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The Main Event

Whether it's a famous or controversial person's speech, a rival sports matchup, or a huge community event taking place on campus, a special occasion calls for a comprehensive security plan.
University Business, Apr 2009

IN THE LIFE OF A CAMPUS SECURITY HEAD, THERE'S REALLY no such thing as “just another special event.” Even for Stan Skipworth, chief of university police at California State University, Long Beach, whose force deals regularly enough with major political figures visiting and celebrities dropping by for commencement. Four members of the 28-officer force are primarily responsible for dignitary protection, and four more are trained for it.

They know their stuff?so much so that when Arnold Schwarzenegger and Hillary Clinton came to campus on separate occasions, their protection teams wound up deferring to the campus team. “Their people recognized our track record in doing dignitary protection. We know what our backyard is. They trusted us,” Skipworth explains.

His team also knows that “a great job is when nothing happens.” Every event requires its own plan to keep guests safe. The visits from Clinton, then first lady, and Schwarzenegger, once prior to his being elected California governor and once after, meant “an awful lot of front-loaded work,” Skipworth says. Campus police were available to the Secret Service (for Clinton) and the California Highway Patrol (for Schwarzenegger) “literally around the clock.” From event details to intelligence about off-campus areas, there was much to discuss. Clinton would speak to a larger audience and have more than one destination while on campus. Schwarzenegger would want more spontaneous interaction with the audience, including a classroom visit during his second campus appearance.

Contrasts aside, every event’s plan must include contingencies to handle scenarios ranging from changes in schedule to weather, medical, or terrorism-related emergencies. “It’s kind of like the old analogy, every boxer has a plan until he steps into the ring,” Skipworth says. “Having a plan is extraordinarily important to us, but just as important as the plan is knowing we are prepared to deviate from that plan.”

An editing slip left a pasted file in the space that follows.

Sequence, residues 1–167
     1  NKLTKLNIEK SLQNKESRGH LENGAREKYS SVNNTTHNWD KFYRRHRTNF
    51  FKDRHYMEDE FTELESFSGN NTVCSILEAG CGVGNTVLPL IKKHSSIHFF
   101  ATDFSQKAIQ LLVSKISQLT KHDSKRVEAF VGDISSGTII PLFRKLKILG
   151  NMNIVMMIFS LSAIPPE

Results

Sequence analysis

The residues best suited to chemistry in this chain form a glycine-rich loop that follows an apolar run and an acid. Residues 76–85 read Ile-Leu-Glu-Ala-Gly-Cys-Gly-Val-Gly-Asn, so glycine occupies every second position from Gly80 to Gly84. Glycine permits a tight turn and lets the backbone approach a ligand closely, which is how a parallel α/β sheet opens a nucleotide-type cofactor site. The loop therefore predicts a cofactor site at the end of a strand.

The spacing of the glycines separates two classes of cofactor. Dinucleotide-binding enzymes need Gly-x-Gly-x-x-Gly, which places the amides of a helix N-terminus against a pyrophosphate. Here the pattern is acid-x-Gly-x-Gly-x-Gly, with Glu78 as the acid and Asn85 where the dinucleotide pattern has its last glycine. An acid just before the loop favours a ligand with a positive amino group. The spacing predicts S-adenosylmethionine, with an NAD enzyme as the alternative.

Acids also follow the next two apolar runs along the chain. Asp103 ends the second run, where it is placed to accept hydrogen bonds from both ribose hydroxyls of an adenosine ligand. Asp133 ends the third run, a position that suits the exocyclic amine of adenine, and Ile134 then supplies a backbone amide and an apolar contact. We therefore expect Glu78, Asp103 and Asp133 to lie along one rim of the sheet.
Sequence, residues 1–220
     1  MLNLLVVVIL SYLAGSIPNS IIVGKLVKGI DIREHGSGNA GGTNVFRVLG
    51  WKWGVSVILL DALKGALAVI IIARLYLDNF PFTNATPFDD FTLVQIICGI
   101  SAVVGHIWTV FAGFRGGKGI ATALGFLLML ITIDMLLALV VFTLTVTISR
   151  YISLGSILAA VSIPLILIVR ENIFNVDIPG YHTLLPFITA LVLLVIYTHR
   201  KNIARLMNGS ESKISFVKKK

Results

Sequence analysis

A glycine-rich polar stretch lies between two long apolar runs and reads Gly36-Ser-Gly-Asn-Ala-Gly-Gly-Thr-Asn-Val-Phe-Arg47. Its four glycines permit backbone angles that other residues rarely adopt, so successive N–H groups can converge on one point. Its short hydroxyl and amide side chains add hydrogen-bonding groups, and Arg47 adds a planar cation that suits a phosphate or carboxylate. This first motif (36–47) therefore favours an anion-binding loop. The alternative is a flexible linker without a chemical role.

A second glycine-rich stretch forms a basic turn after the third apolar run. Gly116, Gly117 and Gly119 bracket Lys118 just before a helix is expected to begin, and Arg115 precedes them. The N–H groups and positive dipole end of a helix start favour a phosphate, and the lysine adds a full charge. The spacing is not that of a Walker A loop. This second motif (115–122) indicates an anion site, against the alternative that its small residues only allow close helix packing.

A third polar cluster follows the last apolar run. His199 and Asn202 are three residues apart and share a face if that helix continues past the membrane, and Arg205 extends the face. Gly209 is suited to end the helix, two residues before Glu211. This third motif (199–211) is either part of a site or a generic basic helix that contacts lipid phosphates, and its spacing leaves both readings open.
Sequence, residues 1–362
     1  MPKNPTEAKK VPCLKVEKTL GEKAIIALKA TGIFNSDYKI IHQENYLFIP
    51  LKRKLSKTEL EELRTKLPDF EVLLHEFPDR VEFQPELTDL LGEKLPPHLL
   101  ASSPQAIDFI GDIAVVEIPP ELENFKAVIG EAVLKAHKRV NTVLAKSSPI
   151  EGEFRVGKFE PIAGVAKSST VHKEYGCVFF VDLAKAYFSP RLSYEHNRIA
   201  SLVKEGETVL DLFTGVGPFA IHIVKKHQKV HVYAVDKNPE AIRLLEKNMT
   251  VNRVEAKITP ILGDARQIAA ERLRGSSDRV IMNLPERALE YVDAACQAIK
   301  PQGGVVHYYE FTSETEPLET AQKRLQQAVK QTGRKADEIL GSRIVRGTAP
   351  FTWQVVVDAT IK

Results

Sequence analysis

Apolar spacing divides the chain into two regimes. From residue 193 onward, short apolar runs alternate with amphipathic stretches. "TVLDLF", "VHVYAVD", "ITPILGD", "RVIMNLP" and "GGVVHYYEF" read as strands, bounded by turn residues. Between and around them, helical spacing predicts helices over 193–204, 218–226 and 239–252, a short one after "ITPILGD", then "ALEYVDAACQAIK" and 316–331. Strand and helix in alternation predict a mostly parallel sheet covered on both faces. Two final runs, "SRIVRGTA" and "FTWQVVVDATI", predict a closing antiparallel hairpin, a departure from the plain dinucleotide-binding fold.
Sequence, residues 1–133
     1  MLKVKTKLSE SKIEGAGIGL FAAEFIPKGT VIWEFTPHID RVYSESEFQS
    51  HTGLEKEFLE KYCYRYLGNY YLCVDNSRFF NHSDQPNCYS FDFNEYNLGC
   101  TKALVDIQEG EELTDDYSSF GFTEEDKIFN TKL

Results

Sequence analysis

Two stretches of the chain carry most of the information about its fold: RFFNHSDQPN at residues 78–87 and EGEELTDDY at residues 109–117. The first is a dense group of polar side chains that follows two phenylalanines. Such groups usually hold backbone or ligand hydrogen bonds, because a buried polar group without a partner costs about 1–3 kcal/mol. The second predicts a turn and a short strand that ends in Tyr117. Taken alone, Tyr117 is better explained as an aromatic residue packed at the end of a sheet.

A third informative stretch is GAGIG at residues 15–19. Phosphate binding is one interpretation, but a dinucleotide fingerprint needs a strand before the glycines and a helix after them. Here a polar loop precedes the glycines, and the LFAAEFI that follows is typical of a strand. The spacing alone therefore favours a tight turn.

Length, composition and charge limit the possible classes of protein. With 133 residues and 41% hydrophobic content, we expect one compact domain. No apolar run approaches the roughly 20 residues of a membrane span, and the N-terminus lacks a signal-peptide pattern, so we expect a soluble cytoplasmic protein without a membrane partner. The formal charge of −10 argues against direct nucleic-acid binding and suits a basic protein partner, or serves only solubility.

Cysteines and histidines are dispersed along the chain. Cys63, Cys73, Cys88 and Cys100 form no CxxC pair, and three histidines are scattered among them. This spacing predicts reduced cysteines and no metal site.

'It's not like you can take your policies and procedures and blindly move them from one year to the next.' -Cheryl Elliot, Emory University

Security teams at campuses across the country share that philosophy, considering every what-if, reaching out to experts, and using resources to their fullest to help ensure that event attendees can focus on the experience. Following are two-dozen smart moves administrators can make to prepare for a major campus event.

1. Form the planning team early. It should include representatives from the host department /organization, facilities, and security. Getting security involved early is key. If major decisions have been made before that, “the chances of something going wrong escalate,” cautions Dan O’Neill, president of Boston-based Applied Risk Management, a global risk management and security engineering firm that does about one-quarter of its business in higher ed.

2. Coordinate with local authorities. The campus is not an island. Depending on the event’s size, local, state, and federal agencies may need to be involved. For example, when Marist College (N.Y.) hosted the Empire State Games, an Olympics-like event, in 2005, Director of Safety and Security John T. Gildard and his team worked with outside police agencies and other groups. The preparation was similar to a commencement, he says, but the four-day event also involved housing athletes, devising a more intricate parking and shuttle bus plan, and providing simultaneous coverage at multiple sports venues at and near Marist.